Babyteeth (2020) Review

Babyteeth (2020)
Director: Shannon Murphy
Screenwriter: Rita Kelnejais
Starring: Eliza Scanlen, Toby Wallace, Ben Mendelsohn, Essie Davis, Eugene Gilfedder, Emily Barclay

Set in the enveloping warmth of Sydney’s golden sunshine, Babyteeth, Shannon Murphy’s debut feature, gloriously radiates the heart-fluttering ecstasy of falling in love for the first time. We start with a freshly extracted baby tooth, sinking slowly into a glass of perspiring water; it’s a symbol of growing up, of the small sharp pains of adolescence and, most importantly, of the inevitability of loss. Adapted from a play of the same name written by Rita Kalnejais, Babyteeth is a fragile, heart-breaking, oddly comical tale about finding the wrong kind of right.

Sixteen-year-old Milla (Eliza Scanlen) is almost knocked into an oncoming train in an offbeat meet-cute with Moses (Toby Wallace), whose infectious grin, dangerously short shorts and daring personality has her instantly intoxicated. One moment she is waiting for a train, the next she is swaddled in Moses’ arms, his dirty shirt pressed against her bleeding nose. When he puts her up for money, Moses reveals himself to be trouble, yet unphased, Milla takes him home to Mum and Dad like a lost puppy. Her parents are horrified by Moses’ red-rimmed eyes, significant age difference and the fact that he has, just moments earlier, sheared their daughter’s hair off with a pair of poodle clippers. Yet, nothing they say or do can distract Milla from the exhilaration she finds when she and Moses are together. Milla, we later find out, happens to be battling terminal cancer, and Moses happens to be a homeless drug addict, but their pressing personal issues are simply background echoes drowned out by the pair’s foolishly powerful connection. Instead of reeling in shock when Milla reveals her freshly bald head, Moses surveys her new look happily, saying “It looks cool. It’s like way better than the one I gave you”.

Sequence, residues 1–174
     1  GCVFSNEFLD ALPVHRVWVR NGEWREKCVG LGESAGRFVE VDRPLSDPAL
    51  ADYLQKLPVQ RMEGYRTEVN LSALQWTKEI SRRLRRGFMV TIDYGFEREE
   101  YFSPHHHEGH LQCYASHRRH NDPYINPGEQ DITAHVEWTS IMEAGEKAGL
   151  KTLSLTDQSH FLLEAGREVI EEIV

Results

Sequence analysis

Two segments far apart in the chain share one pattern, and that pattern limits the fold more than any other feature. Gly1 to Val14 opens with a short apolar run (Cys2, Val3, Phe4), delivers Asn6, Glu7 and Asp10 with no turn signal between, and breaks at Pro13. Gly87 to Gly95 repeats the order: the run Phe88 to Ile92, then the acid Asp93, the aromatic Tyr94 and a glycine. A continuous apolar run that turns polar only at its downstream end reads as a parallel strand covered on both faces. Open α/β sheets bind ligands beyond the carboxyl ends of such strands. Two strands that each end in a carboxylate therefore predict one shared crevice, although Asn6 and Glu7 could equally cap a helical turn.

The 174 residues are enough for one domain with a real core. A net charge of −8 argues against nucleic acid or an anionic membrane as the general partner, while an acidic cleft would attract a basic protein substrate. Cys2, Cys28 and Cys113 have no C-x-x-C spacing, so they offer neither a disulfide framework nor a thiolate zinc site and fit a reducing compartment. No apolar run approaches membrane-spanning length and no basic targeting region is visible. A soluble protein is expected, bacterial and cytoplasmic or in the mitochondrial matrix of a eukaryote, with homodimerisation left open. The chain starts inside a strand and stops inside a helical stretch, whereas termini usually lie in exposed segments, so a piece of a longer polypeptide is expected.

For Milla, who is desperate to experience life outside of her comfort zone, Moses and his fearless approach to living is a perfect date. Wearing matching lilac shirts, the pair share a romantic night on the town; the dreamy outing working as the focal point of the film, during which Moses acts as Milla’s guide, providing her with a fleeting glimpse at an average teenage life. Milla’s parents, Henry and Anna (played by the engaging pairing of Ben Mendelsohn and Essie Davis), act as dysfunctional onlookers, doing their best to entertain their personal fantasies while helplessly trying to preserve the life they are currently living. It seems they have prepared for every tragic outcome, except that of the appearance of an unsuitable love interest. Against their better judgement, they decide to let go of sensible parenting tactics, reluctantly letting their daughter play out what may be her only shot of experiencing love.